Expanding overseas into emerging markets creates both opportunities and challenges for companies – large and small.
While there are obvious benefits to moving into new lucrative markets, such as boosting the bottom line, increasing market share or even dominating a market, companies need to make sure they consider all the ins and outs of an expansion before trying to go global.
Untapped markets are are often the hardest to penetrate, so although they may present huge moneymaking potential, focusing only on the big buck can often prove costly.
Emerging markets such as the ASEAN group of countries offer genuine growth opportunities for firms, provided they can make the right impression and market their products in a cohesive manner that is consistent and compatible with local culture.
ASEAN (The Association of Southeast Asian Nations):
Thailand, Laos, Vietnam, Indonesia, Malaysia, Philippines, Myanmar (Burma), Cambodia, Brunei and Singapore
Here are five top tips for a successful foreign launch:
Plan, plan and plan some more (and do your research!)
The importance of good planning cannot be overstated. This should cover all aspects of the business, including how to conduct yourself in business meetings (even down to the handshake itself), reading up on local regulations and HR law, and of course establishing whether there will be sufficient demand for your products and services. Companies also have to decide how they are going to measure success and failure in the short and long term. Local cultures also need to be carefully considered, as there is little point in putting together a ‘fail-safe’ plan only to have unmanageable staff turn-over or to receive no business because your sales techniques are incompatible with the touch-points of your target market.
Localize, don’t translate!
Launching a product or service may be tricky process but it's vital you get the branding right if you are to stand any chance of being successful in the long-term. Slogans in English are unlikely to directly translate into other languages and so skilled linguists should be used to make sure the core message is retained. Blunders can leave firms looking amateurish and may cause reputational damage they will struggle to recover from. For example, HSBC was left red faced in 2009 after its slogan 'Assume Nothing' was mistranslated as 'Do Nothing' in various countries, which forced the launch of a $10 million rebranding campaign.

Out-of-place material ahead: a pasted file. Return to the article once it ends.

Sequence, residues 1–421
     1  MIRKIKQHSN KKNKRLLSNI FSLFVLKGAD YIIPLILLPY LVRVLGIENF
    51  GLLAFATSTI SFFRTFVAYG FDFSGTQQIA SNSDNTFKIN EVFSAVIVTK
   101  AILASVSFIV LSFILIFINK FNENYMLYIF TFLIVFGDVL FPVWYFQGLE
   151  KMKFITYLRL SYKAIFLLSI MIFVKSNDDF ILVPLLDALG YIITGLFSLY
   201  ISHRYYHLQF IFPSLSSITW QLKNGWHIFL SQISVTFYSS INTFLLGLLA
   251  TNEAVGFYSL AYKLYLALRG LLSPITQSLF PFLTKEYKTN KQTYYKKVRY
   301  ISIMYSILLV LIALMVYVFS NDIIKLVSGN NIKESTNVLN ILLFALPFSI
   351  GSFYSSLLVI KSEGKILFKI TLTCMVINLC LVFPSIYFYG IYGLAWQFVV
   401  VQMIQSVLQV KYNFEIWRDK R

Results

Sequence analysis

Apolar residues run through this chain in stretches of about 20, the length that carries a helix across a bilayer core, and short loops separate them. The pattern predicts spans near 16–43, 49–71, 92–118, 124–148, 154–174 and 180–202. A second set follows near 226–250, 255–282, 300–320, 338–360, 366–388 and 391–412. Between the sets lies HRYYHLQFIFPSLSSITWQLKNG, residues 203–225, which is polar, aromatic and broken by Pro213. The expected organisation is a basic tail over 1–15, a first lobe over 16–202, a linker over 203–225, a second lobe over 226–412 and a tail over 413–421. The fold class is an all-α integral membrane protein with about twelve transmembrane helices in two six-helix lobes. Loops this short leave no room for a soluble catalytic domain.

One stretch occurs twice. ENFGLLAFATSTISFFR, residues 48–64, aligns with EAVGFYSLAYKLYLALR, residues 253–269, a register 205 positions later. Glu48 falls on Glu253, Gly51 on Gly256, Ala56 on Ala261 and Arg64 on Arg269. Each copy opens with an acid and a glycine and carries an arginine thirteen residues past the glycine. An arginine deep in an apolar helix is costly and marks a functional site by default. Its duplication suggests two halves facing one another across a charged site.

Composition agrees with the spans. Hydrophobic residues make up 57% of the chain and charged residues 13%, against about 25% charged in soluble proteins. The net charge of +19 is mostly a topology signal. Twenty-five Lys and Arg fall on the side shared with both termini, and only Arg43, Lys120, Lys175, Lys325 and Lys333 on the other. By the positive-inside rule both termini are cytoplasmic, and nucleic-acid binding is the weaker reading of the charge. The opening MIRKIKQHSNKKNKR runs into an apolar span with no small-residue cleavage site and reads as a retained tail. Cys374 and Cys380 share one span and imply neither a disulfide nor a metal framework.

Technology is your friend!
Technology is a massive asset for any company trying to break into an emerging country. Firstly, it helps your firm to budget, plan and manage its finances – provided you have ensured that your system is compatible with the tax system of the target market! Two of the biggest issues that companies will face are language and currency, but technology can also help address this. Enterprise management software allows firms to view the company in ‘real-time’, and to make quick and informed decisions to determine the future direction of the organization. Staying connected with HQ, regional offices and suppliers is also much easier with technology, as conference calls can be held across borders, while instant messaging and email through mobile devices means people can be contacted on the move.
Target the right markets!
Businesses should be matching up products and services with the right target market. To take a rather obvious example; a beef restaurant would be rather unwise to start a franchise in a predominantly Hindu country like India, where the cow is a revered animal. But this logic can also be applied to many service and product sectors, so market research is key. Andy Puzder, chief executive officer of CKE Restaurants, stated the company is focusing its expansion efforts on Brazil, Russia, India, China and Europe. In the past three years, the US-based eatery has increased its restaurant count internationally by 53 per cent, compared to only two percent domestically.
Be prepared for anything!
While a plan does help, nothing will run as smoothly as you had hoped, so businesses need to make sure they are prepared to deal with unexpected costs and unforeseen challenges. This could include power or internet instability, a generally slower pace of life in a business and personal context, not being able to find sufficiently skilled staff, radically different price expectations from your established markets, deals falling through at the last moment, or having to settle contracts in alternative currencies that you have perhaps never heard of – firms have to be prepared to deal with these and other types of issues when trying to establish a presence in a new territory, especially those of emerging and frontier markets.